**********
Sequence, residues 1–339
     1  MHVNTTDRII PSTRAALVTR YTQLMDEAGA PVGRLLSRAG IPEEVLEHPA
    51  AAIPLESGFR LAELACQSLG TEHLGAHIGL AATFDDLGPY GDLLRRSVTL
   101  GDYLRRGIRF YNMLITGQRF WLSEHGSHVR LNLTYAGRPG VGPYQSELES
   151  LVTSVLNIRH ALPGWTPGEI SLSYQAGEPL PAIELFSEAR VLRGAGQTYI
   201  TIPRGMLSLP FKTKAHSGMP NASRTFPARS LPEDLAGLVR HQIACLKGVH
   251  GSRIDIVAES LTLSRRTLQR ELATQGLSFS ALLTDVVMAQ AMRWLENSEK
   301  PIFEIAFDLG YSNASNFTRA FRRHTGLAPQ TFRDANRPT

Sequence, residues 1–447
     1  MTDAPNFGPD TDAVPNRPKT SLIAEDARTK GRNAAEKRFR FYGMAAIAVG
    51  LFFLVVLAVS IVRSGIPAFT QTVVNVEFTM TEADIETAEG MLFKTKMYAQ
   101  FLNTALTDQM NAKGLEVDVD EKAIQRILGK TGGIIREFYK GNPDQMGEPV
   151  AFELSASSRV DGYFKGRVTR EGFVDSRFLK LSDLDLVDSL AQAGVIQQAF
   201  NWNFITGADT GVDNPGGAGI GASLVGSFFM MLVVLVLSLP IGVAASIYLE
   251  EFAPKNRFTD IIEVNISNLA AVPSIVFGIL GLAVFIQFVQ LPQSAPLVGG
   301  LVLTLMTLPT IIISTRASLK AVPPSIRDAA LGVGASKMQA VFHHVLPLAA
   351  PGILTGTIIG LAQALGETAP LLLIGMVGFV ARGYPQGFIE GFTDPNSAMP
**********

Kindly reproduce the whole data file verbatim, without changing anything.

Sequence, residues 1–339
     1  MHVNTTDRII PSTRAALVTR YTQLMDEAGA PVGRLLSRAG IPEEVLEHPA
    51  AAIPLESGFR LAELACQSLG TEHLGAHIGL AATFDDLGPY GDLLRRSVTL
   101  GDYLRRGIRF YNMLITGQRF WLSEHGSHVR LNLTYAGRPG VGPYQSELES
   151  LVTSVLNIRH ALPGWTPGEI SLSYQAGEPL PAIELFSEAR VLRGAGQTYI
   201  TIPRGMLSLP FKTKAHSGMP NASRTFPARS LPEDLAGLVR HQIACLKGVH
   251  GSRIDIVAES LTLSRRTLQR ELATQGLSFS ALLTDVVMAQ AMRWLENSEK
   301  PIFEIAFDLG YSNASNFTRA FRRHTGLAPQ TFRDANRPT

Sequence, residues 1–447
     1  MTDAPNFGPD TDAVPNRPKT SLIAEDARTK GRNAAEKRFR FYGMAAIAVG
    51  LFFLVVLAVS IVRSGIPAFT QTVVNVEFTM TEADIETAEG MLFKTKMYAQ
   101  FLNTALTDQM NAKGLEVDVD EKAIQRILGK TGGIIREFYK GNPDQMGEPV
   151  AFELSASSRV DGYFKGRVTR EGFVDSRFLK LSDLDLVDSL AQAGVIQQAF
   201  NWNFITGADT GVDNPGGAGI GASLVGSFFM MLVVLVLSLP IGVAASIYLE
   251  EFAPKNRFTD IIEVNISNLA AVPSIVFGIL GLAVFIQFVQ LPQSAPLVGG
   301  LVLTLMTLPT IIISTRASLK AVPPSIRDAA LGVGASKMQA VFHHVLPLAA
   351  PGILTGTIIG LAQALGETAP LLLIGMVGFV ARGYPQGFIE GFTDPNSAMP